The Psychology of the Bachelor Party

men at bar with girl in fishnet stockings

07 Apr 2020

What is the point of a bachelor party?

My bachelor party is coming up, and while my fiancé and I have the type of relationship where we talk openly about these things and set expectations (links other than this type are not recommended for marriage, by the way), I fear Brides readers might become worried by the many articles describing bachelor parties as booze-addled stripper fests. So here’s the truth.

His Friends Are There for Themselves, Not Your Fiancé

He’s a nice guy, sure, but we just want to party. Saying “goodbye” to the groom on his “last night of freedom” is our excuse to gather for some quality male bonding in the form of drinking and replicating the socially irresponsible behaviours that forged our friendships back in high school or college. We mock the groom, taunt him for all he’s about to give up, and call it a roast to justify it — just like the good old days!

“Booze-Addled” Is a Reasonable Description

Yes, we drink precisely as much as you think. A bachelor party is just a bender masquerading as a legitimate celebration, where any minor event is cause for drinking.

“Sex Fest” Is Not So Much

Sex is a significant component always associated with bachelor parties, but it’s typically the idea of sex than actual sex. The guys who are already married or in relationships watch and live vicariously as the single guys try to pick up girls. The only guys try to goad the attached guys into doing something they shouldn’t — and this is where we remind you to tell your guy what makes you uncomfortable before turning him loose in the wild. But it’s more drinking than anything else, in case you were worried.

stripper heals on stage with pole

“Horrifying Mess” Might be Most Accurate

In college, it was easy to eat trash and slam cheap beers for 48 hours straight. That was called “the weekend.” Now? That spicy chicken sandwich isn’t nearly as good going down as we remember, and it’s sure to be even worse coming back up. This doesn’t stop us from going for the gusto all the same, and the results are foul. Nobody showers, the floors are covered with empty beer cans and hot dog bits, and the entire place smells like stale cigarettes, gym socks, and shame.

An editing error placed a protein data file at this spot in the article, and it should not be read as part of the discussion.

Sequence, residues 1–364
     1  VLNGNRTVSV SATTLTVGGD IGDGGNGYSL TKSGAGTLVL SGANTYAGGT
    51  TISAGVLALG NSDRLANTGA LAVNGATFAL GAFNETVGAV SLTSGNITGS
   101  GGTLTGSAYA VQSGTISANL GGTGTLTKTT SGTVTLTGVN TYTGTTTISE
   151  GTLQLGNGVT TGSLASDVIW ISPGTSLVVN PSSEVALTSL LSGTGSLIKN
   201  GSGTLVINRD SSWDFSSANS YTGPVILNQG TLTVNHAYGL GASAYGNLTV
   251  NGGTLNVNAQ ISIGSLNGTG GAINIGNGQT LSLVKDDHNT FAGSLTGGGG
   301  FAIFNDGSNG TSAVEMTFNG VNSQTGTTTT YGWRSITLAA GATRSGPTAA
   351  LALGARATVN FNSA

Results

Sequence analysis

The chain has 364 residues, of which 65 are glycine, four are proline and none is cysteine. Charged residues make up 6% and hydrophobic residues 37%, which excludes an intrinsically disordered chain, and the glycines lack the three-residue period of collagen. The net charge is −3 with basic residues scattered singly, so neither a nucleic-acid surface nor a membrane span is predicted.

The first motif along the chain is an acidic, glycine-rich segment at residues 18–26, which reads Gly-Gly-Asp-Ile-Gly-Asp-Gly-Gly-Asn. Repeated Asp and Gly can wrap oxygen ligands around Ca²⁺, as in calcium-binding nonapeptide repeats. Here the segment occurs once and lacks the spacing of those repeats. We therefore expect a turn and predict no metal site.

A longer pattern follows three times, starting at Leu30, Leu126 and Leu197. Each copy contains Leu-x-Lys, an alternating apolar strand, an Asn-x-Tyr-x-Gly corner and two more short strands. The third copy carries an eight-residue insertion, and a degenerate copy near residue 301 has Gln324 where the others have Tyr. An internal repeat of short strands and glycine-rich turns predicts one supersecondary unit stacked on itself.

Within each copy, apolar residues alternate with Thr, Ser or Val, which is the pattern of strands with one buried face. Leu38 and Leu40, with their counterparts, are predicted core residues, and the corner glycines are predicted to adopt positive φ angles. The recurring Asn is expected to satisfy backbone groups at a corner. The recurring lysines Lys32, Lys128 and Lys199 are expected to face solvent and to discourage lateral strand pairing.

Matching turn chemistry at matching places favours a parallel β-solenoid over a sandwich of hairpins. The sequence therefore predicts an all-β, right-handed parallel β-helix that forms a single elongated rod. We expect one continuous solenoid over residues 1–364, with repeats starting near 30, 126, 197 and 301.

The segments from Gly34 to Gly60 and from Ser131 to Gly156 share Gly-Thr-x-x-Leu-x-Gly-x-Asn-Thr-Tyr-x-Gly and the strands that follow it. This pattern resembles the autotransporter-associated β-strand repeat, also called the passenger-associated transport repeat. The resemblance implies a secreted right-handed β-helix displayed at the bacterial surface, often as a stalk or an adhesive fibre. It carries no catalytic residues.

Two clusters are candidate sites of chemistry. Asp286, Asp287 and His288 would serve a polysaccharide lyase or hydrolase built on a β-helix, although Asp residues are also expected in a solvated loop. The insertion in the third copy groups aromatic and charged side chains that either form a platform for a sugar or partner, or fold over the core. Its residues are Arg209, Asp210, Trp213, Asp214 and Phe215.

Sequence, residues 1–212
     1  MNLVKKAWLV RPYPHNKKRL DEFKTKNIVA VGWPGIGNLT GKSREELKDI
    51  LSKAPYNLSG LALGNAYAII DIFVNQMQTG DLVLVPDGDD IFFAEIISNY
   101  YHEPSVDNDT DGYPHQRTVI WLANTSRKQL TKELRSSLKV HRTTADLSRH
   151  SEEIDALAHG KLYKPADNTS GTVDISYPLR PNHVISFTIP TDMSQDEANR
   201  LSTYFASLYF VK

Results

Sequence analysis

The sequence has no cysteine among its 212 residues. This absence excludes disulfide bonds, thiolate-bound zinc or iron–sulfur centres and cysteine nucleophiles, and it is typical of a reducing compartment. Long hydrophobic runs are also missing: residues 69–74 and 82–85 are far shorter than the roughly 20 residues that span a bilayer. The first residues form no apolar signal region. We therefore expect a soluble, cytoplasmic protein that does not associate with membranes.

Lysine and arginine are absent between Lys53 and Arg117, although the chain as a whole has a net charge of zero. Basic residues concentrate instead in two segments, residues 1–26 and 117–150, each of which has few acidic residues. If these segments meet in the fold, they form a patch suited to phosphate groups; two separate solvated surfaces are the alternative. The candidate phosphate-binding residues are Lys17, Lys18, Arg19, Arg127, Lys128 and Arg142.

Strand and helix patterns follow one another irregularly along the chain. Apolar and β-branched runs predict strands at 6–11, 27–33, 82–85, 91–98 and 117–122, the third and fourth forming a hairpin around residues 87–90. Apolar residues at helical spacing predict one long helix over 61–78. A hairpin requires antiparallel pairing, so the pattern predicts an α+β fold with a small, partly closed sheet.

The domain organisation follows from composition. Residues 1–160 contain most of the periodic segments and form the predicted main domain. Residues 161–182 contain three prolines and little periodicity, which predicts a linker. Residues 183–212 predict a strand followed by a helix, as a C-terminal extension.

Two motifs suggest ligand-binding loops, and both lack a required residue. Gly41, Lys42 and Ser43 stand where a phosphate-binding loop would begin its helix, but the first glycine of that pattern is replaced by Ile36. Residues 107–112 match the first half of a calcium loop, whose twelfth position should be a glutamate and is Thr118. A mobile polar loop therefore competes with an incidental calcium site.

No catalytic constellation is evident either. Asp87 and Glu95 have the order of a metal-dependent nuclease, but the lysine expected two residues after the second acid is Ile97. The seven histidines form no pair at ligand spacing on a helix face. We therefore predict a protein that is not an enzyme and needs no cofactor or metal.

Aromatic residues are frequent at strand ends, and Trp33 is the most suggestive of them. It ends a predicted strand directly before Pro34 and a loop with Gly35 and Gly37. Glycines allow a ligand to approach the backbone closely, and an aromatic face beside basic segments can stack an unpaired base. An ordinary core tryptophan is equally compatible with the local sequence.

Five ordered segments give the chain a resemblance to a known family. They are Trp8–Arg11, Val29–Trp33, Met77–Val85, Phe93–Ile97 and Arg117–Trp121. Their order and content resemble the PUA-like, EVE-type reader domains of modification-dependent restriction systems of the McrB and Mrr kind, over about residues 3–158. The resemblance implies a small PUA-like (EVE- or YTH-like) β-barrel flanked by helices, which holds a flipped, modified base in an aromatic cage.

There’s Always “That Guy”

Even though we’re all drunk, one idiot will inevitably take it too far and force everyone to treat him like a baby and make sure he doesn’t get arrested. Eventually, we all start to hope he actually does get arrested. Also, the girls should probably be able to guess who that guy is. Don’t let your guy be that guy.

Someone Will Get Hurt

This will perhaps happen during a drunken belly flop contest, arm wrestling match, or go-kart crash. Most likely, after a fight breaks out for no immediately apparent reason.

guys drinking and smoking cigars

Bros Will Be Bros

There will be many almost-too-long-for-comfort bro hugs and “I LOVE YOU MAN” s, possibly following the fight as mentioned above but most likely, again, for no immediately apparent reason.

So as you can see, you have very little to worry about. As long as your guy returns from the bachelor party hungover, stinking, and bereft of all dignity, you can be sure he had the time of his life.

Even if they don’t seem super involved in the wedding-planning process, grooms are going through the same life-changing experience as their brides-to-be. Enter: The Plunge. The site helps the engaged guy navigate his wedding from a man’s point of view.